About three years ago, the news broke that George Lucas, the genius behind the ‘Star Wars’ merchandise (and a couple of related movies), was buying up the likeness rights to a plethora of iconic, yet deceased, leading men and famous actresses from Hollywood’s golden age. His plan? To use a concoction of existing footage, CGI and motion capture to create reasonable facsimiles of classic Hollywood stars and have them appear in future films, despite the notable handicap of being, well, dead.

Initially, it was just for one project, but it raised the prospect of other films being made, as well as a number of interesting philosophical issues.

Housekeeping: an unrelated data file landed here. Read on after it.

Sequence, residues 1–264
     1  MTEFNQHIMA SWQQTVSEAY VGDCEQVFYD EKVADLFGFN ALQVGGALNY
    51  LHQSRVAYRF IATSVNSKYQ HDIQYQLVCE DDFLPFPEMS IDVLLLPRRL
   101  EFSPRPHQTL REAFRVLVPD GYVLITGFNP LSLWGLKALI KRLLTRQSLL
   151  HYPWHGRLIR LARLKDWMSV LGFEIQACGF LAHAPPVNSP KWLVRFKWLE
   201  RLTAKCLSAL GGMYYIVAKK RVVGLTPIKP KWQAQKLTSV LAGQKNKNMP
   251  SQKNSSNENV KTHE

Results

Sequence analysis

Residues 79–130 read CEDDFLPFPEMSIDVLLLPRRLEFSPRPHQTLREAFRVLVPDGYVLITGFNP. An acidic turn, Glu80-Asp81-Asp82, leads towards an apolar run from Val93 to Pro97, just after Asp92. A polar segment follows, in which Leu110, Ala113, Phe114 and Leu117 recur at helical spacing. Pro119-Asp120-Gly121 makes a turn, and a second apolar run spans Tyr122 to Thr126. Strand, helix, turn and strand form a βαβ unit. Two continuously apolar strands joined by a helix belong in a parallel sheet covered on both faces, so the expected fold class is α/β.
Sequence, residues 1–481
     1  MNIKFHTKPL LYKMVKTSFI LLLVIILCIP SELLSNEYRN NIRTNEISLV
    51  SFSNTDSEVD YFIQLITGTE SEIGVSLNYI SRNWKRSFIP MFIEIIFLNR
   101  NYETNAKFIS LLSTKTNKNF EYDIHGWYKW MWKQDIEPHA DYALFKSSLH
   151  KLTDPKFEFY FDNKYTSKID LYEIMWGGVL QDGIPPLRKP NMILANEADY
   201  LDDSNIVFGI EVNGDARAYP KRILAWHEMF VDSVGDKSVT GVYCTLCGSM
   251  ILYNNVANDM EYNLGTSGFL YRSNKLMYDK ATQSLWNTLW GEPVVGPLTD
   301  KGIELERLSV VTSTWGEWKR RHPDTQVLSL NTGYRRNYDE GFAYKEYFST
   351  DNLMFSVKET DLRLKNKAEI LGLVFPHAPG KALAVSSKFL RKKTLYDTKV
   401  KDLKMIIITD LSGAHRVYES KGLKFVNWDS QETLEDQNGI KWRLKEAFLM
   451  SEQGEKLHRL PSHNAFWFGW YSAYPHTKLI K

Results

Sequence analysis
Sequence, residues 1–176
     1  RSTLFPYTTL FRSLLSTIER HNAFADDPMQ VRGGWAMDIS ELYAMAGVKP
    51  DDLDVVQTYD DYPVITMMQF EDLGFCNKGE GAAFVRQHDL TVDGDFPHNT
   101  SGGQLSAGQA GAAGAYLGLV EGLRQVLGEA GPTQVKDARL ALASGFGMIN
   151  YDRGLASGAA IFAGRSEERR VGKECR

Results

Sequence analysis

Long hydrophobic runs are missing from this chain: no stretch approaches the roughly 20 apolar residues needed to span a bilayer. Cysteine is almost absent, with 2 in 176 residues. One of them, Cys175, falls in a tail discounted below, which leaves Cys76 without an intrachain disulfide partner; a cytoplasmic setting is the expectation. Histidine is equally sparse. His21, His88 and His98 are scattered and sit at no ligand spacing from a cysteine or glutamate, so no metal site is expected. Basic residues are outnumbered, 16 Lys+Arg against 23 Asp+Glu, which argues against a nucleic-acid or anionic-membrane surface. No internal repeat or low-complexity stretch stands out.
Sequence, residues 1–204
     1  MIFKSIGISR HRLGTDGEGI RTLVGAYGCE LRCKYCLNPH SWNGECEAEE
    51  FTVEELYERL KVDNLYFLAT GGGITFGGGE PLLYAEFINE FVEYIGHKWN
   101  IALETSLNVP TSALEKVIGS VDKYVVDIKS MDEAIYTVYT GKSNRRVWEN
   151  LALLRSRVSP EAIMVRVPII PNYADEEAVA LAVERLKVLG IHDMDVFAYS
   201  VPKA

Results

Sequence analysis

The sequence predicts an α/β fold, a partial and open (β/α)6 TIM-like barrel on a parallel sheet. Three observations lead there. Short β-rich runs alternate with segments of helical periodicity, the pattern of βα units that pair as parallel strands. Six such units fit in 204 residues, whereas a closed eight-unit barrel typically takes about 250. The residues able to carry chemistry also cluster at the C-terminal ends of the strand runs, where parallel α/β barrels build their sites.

The majority of critics reacted negatively to the notion of these ‘Franken-films’, some saying that the magic of an individual acting performance would be notably absent in the films, others upset that the actors themselves could potentially ‘star’ in projects that they may not have supported in life.

It really must be said, however, that blockbuster movies like 2009’s ‘Avatar’ and 2011’s ‘Rise of the Planet of the Apes’ already received plaudits for their use of motion capture techniques and CGI ‘acting’. It is an accepted part of modern cinema, like it or not.

Lest we forget, George Lucas’ own ‘Star Wars’ films also featured a number of purely CG characters. In our era, we are becoming very used to CG characters; even CG versions of real actors are commonplace. It really isn’t a huge leap of imagination (or available technology) to foresee deceased stars headlining blockbusters once again.